If you remember, I said I would try and read one new book about knitting a week this year. Well, I haven’t kept up that pace as yet, but I think by the end of the year it may average out (if i count the magazines it will be well over this number)! The other day I came across a book I think should be in everyone’s library – Knitting Workshop by Elizabeth Zimmermann, published by Schoolhouse Press.
What can I say about this book? Tons! First of all I read it all and am now reading it again (should I count this as 2?). That should tell you loads about the amount of information in this book. This book makes modifying patterns and/or creating your own almost painless. Even the most dedicated “from the pattern only” knitter would feel able to tackle creating their own project – even if it’s just a hat.
This book is basically her knitting camp that she used to run put into words. It is a fantastic resource for anyone wanting to know how things are put together and designing and knitting different pieces. The really good thing is that she starts with hats and goes into sweaters as well. It is very easy to read and understand, yet extremely comprehensive. As a matter of fact, the detail she goes into with the mathematics of sweater design would be daunting if you were only looking at the math itself. As I said though, Elizabeth has a great way of explaining things so you are not at all intimidated and she actually makes you want to go out and design and knit your own sweater.
Another aspect of this book that I thoroughly enjoyed was seeing the techniques that were prevalent 40 years ago compared to the preferred practices today. Case in point would be in circular knitting. All of the designs in this book were knit in the round, and as a result, we find out that Elizabeth preferred to knit using a 16″ and 24″ circular needle. As a matter of fact, she fully believed that shorter or longer were not necessary. Personally, I prefer to use a single long circular – 40″ or 47″ – and use the magic loop technique. I will sometimes use two circular needles as well if I don’t have a long enough circular needle. I find the evolution of knitting techniques fascinating and would love t be around in another 40 years to see what the future brings.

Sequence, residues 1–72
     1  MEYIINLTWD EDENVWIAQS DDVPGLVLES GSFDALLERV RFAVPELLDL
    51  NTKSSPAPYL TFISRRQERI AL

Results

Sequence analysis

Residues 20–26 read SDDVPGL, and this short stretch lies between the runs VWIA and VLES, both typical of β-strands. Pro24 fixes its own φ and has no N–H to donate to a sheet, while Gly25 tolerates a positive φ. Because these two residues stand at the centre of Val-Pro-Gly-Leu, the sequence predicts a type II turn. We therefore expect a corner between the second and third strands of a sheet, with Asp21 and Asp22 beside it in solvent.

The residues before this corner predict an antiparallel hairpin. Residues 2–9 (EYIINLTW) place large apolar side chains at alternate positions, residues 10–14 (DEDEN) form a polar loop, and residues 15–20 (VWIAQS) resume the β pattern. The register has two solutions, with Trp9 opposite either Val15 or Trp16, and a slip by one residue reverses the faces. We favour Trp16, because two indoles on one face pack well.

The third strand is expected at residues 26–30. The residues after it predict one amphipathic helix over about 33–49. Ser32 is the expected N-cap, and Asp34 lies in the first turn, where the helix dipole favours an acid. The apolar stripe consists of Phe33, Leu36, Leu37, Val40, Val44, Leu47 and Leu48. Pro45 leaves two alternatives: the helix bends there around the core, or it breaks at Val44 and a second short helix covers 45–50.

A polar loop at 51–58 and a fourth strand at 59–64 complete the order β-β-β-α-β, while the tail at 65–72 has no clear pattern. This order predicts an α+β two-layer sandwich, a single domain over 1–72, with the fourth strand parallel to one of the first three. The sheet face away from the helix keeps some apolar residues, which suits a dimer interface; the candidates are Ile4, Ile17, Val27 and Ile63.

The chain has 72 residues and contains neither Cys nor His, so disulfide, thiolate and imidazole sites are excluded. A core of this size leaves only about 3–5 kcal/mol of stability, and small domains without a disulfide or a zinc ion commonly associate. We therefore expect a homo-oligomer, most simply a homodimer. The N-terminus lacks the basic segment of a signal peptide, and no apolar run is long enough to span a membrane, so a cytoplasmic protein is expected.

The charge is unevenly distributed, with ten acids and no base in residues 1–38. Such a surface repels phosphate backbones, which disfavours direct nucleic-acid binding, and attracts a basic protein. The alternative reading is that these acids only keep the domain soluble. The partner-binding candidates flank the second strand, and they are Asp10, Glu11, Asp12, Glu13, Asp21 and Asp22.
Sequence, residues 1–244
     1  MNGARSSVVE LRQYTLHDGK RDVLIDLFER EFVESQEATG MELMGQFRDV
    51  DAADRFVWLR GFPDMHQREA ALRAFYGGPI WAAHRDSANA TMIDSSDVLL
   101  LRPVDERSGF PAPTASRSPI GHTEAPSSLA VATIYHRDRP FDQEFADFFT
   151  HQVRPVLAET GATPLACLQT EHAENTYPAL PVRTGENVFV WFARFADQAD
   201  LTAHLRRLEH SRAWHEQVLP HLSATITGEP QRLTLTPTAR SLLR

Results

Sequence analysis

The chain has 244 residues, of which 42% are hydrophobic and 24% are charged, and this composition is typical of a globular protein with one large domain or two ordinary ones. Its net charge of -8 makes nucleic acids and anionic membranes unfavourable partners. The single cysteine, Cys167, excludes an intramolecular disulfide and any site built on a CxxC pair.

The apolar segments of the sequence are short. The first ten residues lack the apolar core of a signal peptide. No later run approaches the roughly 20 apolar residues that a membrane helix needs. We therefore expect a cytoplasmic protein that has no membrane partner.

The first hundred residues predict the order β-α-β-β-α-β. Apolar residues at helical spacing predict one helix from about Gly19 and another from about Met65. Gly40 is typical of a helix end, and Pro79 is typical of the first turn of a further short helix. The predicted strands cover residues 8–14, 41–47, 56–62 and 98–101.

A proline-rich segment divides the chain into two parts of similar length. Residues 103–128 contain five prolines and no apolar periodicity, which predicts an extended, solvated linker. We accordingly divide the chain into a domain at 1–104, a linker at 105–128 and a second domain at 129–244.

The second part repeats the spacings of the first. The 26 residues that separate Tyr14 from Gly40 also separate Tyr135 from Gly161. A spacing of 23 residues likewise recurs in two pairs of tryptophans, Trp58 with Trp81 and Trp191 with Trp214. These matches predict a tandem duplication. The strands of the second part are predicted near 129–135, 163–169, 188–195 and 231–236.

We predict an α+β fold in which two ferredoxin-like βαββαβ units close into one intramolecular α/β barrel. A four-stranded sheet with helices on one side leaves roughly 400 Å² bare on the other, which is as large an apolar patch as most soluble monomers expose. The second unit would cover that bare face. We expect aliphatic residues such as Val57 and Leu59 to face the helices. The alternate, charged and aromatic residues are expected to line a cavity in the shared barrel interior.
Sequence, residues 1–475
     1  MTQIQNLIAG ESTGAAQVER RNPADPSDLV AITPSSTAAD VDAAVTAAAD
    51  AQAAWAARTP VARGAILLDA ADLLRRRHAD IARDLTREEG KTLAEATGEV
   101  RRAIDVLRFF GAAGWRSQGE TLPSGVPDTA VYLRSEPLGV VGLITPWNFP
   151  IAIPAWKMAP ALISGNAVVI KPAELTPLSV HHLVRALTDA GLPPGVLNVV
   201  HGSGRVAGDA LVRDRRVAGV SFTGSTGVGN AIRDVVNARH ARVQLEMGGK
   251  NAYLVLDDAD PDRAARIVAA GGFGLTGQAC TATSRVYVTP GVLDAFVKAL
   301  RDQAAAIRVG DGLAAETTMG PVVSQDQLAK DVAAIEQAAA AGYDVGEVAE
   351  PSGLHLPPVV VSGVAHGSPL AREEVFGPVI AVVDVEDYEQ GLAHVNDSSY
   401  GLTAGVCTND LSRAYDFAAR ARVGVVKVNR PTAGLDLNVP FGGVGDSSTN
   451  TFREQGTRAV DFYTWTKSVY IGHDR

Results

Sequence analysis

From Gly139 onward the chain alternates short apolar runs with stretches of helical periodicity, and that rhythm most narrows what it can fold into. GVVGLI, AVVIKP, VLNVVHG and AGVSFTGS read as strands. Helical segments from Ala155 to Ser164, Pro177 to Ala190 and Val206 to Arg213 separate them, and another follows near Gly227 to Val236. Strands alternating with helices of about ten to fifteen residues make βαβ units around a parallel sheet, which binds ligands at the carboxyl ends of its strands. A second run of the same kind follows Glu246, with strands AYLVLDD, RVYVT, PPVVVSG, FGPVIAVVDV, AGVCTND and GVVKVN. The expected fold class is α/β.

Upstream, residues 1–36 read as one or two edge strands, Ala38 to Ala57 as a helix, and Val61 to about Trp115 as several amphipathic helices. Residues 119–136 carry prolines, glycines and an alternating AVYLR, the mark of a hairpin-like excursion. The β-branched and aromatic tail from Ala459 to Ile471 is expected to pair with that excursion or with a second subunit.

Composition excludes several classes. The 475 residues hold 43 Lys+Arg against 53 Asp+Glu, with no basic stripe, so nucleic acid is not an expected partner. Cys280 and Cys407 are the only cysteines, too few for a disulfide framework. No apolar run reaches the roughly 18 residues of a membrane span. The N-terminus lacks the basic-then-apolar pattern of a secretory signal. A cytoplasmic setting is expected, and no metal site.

If you’re a new knitter, or an experienced one, you definitely want to take a look at this book if you haven’t done so already. It is one of my new favorites and I am into my second read of it. I haven’ gone into detail about the contents, but I have used this book as a reference several times already and have only owned it for just over a month. I definitely will be reading other books by Elizabeth Zimmermann, and would love to see what she would have come up with had she been around today. She definitely was a pioneer and a visionary, but most of all from reading this book you get the sense of how much she loved knitting and wanted to pass on her knowledge to others.It is clear to see why Elizabeth Zimmermann is known as the lady who launched a million knitters!